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Monthly Archives: May 2011

I’ll flesh out this blog post later on today, but just wanted to post some screenshots (partly as a rebuttal to Nicole’s blog post “Some thoughts about (authentication) discovery aimed at librarians“) to show how well EZproxy fits as the authentication layer between a discovery service (such as Summon) and journal articles on publisher sites.

As Nicole well knows, I’m not a librarian and I couldn’t give two hoots about the “official CILIP endorsed librarian way of doing things” (n.b. my quote, not Nicole’s) when it comes to e-resource access. All I care about is trying to get the user to where they want to be (e.g. the full text of a journal article) with the least number of mouse clicks, and the least amount of swearing, frustration and death-threats against the library for making it so flippin’ difficult ;-D

[edit] Apologies — I didn’t mean to imply that librarians don’t care about users. I just took offence when I felt Nicole’s post implied this was a librarian problem and/or that librarians were the root cause of the problem. As I’m not a librarian myself, I felt it was wrong to infer that anything I say or do is endorsed by, or represents, librarianship in general, or is the way a librarian would choose to do it. To the best of my knowledge, librarians perfer not to have barriers (such as stupidly complicated publisher log in pages) in the way when it comes to accessing information.

This first example is about as good as it gets. A student uses Summon to locate an article (“Ethics, Public Policy, and Global Warming”)…

…when they click on the article link, Summon opens a new browser window and passes the OpenURL details for the article to the link resolver (360 Link). If the user isn’t already authenticated (e.g. by accessing Summon via the University Portal or via the VLE), they’ll need to log in. If they have already authenticated, then they don’t see this screen at all.

The login process logs the user into EZproxy, and also establishes an Athens session in the background (which isn’t required to access the article, but might be useful it they end up wandering off to look at other resources)…

…as this particular article is on JSTOR, the user is able to view the article straight away (via the “Page Scan” preview) or they can choose to download the PDF…

So, from Summon, there’s either a single click (if the user has already authenticated) or two clicks (if the user needs to log in) to get to the full-text (or a page that has a link to the PDF). Ignoring the ethical/moral/technical/philosophical issues of using a proxy solution instead of Shib, I think this is as good as it gets for students.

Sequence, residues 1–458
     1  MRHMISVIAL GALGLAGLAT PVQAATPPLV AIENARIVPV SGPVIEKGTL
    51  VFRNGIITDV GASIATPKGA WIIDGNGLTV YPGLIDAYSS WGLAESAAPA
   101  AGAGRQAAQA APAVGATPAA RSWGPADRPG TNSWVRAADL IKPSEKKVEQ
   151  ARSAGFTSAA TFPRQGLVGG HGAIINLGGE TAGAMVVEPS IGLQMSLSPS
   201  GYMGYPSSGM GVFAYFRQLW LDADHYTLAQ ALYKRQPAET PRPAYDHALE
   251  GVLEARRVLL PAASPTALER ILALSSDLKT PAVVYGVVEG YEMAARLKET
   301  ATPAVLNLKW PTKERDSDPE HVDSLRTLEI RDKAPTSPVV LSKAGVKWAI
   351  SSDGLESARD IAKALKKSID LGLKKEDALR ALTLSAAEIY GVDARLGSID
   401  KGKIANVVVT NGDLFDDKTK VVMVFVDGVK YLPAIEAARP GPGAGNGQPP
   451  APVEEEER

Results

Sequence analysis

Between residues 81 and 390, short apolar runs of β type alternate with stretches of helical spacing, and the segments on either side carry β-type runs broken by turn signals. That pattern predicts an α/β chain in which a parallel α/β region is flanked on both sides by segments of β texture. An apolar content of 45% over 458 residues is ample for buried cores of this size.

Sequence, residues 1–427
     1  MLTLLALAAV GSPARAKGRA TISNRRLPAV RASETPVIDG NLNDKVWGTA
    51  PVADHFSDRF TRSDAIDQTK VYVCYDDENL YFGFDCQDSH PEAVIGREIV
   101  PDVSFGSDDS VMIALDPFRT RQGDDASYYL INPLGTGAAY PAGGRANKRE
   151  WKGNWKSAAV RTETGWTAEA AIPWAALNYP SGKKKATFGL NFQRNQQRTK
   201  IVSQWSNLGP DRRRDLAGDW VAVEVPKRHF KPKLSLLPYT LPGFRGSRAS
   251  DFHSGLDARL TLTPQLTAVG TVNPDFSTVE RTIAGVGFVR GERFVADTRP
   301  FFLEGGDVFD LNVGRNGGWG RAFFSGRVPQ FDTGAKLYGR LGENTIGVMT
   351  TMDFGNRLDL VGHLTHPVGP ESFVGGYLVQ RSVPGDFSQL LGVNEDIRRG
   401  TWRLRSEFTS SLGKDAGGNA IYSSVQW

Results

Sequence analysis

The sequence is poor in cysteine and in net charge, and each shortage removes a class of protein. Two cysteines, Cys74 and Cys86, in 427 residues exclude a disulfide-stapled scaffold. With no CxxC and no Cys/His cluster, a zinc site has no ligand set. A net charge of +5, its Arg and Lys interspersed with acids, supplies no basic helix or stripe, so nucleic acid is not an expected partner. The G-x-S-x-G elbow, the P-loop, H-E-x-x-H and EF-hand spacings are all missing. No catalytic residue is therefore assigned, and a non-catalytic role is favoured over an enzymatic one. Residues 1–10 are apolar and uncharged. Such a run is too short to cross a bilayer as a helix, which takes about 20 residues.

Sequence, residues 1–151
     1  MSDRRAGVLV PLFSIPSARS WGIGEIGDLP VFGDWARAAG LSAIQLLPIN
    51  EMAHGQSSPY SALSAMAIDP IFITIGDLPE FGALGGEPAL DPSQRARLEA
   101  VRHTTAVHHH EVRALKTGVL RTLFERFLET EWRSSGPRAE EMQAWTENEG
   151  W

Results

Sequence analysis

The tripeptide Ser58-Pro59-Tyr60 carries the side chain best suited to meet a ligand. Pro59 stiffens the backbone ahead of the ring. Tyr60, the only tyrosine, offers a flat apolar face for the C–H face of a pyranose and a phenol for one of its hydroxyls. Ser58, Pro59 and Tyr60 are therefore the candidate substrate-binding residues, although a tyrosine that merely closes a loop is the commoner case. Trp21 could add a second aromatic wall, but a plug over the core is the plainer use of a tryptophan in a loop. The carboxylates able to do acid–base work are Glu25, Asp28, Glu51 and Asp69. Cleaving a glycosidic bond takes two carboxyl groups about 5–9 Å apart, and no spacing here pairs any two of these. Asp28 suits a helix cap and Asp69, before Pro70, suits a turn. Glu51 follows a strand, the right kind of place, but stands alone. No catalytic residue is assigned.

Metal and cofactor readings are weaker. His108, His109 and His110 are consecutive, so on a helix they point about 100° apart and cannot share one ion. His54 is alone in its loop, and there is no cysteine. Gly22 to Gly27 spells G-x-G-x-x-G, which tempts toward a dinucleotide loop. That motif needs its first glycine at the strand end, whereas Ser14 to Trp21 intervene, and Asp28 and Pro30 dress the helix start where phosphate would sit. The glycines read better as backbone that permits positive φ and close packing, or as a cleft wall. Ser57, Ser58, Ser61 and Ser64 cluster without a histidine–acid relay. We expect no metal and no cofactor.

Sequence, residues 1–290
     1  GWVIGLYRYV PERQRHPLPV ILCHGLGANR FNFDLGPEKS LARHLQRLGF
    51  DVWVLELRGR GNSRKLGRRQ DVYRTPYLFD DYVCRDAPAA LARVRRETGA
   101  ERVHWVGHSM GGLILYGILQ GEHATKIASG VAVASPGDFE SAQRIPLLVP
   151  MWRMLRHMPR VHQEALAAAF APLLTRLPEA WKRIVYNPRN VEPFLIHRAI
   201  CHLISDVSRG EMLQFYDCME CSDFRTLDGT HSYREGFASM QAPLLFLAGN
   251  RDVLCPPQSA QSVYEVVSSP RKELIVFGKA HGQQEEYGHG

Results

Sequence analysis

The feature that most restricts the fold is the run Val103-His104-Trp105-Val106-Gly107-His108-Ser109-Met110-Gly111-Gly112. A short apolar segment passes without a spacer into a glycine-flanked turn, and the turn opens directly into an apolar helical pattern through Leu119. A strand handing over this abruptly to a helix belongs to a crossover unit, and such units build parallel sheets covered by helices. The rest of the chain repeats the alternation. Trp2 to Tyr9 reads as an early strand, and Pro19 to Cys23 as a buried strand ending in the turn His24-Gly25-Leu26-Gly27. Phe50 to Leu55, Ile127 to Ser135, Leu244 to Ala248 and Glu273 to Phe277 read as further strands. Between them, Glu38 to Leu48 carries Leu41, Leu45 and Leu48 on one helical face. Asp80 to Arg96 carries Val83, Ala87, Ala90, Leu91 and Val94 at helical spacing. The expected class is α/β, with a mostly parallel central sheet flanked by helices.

If they do have to authenticate, it’s a familiar login page and they’re not having to figure out which link on the publisher’s web site to use — do they try putting their university network login details into the username & password fields (1), do they scroll through a list of nearly 200 institutions (2) to find Huddersfield (and are we “University of Huddersfield” or “Huddersfield University”?) …or can they remember that the librarian told them to look for the “Athens” link (3) during the library induction all those months ago?

Plus, if they’ve found this article via Google Scholar, how do then even know if they have access to it? If you want to frustrate a student, nothing does it better than pointing them at a useful article that they can’t access ;-D

This doesn’t mean that there isn’t a role for Shib/Athens, but I feel it’s a different part of the jigsaw puzzle. If I’m an off-campus Huddersfield student wanting to get to ScienceDirect, there’s lots of ways to get there, but one of the simplest is to just Google “science direct huddersfield” (we don’t tell students about EZproxy, so they would never include that as a search term on Google)…

…where the first result takes them through to our electronic resources wiki page for ScienceDirect (which is where most of the other routes end up)…

…the first “Access Link” is the Athens link to ScienceDirect and the (slightly superfluous) note beneath is really just for students who’ve gone directly to ScienceDirect and who aren’t sure which of the various login options to select on the site.

I’m journeying down to Llandrindod Wells tomorrow to give a presentation about usage data to the Welsh Libraries, Archives and Museums Conference (hashtag #cilipw11). I’ve been promised that there’ll be real ale there :-)

You can grab a draft copy of my presentation (“If you want to get laid, go to college…”) from here (15MB).

The main web links in the presentation are:

- JISC Library Impact Data Project
- JISC Activity Data Programme (including a list of the projects)
- Rufus Pollock (Open Data and Componentization, XTech 2007)
- Paul Walk (“The coolest thing to do with your data will be thought of by someone else”)
- University of Huddersfield – Open Data Release (from Dec 2008)

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